Archive for ‘Web design’

October 17, 2008

Advanced Photo Resizing

by Kyle Smith

This is some pretty crazy stuff. This technology could change the photography industry as we know it:

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March 13, 2008

UPDATE: Web Design/Development

by Kyle Smith

Well, after making about a half dozen designs I think we finally have come to a conclusion for my church’s worship site. When I first started designing the site for my church they told me to just do whatever. I knew this was not a good idea because what I like might not be the same as what the church is wanting. It took a few of the “whatever I want” designs to help them realize they might want to have more say in this. So they sent me a ton-o-links and showed me sites they wanted to model after. HOORAY! I now have something to work with. I think the design I came up with might actually become the church’s main site and then we’ll model the worship, youth, and children ministry sites from it. It’s a table/css base design. I’m really not crazy about using tables but they work for now and I’ll continue to work towards making it all CSS. Like I did before in the previous post, I’m open for suggestions… oh yea, here’s the link http://sterlingwoodworship.org/photo_main.html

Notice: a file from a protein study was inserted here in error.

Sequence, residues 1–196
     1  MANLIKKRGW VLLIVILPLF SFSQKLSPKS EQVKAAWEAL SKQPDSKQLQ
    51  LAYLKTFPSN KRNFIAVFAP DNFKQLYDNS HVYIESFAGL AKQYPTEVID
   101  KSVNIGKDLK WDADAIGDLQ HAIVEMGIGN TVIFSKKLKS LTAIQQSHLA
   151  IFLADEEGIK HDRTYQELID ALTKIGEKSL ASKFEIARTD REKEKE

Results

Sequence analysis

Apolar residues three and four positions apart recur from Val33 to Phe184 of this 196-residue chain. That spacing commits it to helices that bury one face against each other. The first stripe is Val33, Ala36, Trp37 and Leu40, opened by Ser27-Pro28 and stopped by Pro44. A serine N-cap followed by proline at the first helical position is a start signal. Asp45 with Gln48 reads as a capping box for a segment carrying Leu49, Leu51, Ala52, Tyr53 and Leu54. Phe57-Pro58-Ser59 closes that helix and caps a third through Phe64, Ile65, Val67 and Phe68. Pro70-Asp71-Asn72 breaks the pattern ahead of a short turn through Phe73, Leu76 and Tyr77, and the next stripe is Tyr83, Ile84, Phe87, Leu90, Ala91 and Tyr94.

March 13, 2008

UPDATE: Web Design/Development

by Kyle Smith

Well, after making about a half dozen designs I think we finally have come to a conclusion for my church’s worship site. When I first started designing the site for my church they told me to just do whatever. I knew this was not a good idea because what I like might not be the same as what the church is wanting. It took a few of the “whatever I want” designs to help them realize they might want to have more say in this. So they sent me a ton-o-links and showed me sites they wanted to model after. HOORAY! I now have something to work with. I think the design I came up with might actually become the church’s main site and then we’ll model the worship, youth, and children ministry sites from it. It’s a table/css base design. I’m really not crazy about using tables but they work for now and I’ll continue to work towards making it all CSS. Like I did before in the previous post, I’m open for suggestions… oh yea, here’s the link http://sterlingwoodworship.org/photo_main.html

March 8, 2008

Web design/development…

by Kyle Smith

Sterling Wood Worship web logoWell as many of you know I like to dabble in web design/development. The more and more I do it, the more and more I realize how hard it is. I’ve been able to fly by the seat of my pants on many sites but that was before I took on my church’s worship site.

In the past, I would simply do what I wanted and the client would like it. This time around, between myself and the peeps at the church; we just can’t decide on something. Now for starters, I’m an amateur web designer so it’s hard for me to produce some of things being requested. I’ve gone through two (#1 , #2) designs so far and I think we’re slowly getting there. So with all that said, here’s the latest design for the site (it’s only the home page and none of the links go anywhere). Let me know any suggestions, PLEASE!

January 15, 2008

Adobe Creative Suite 3…

by Kyle Smith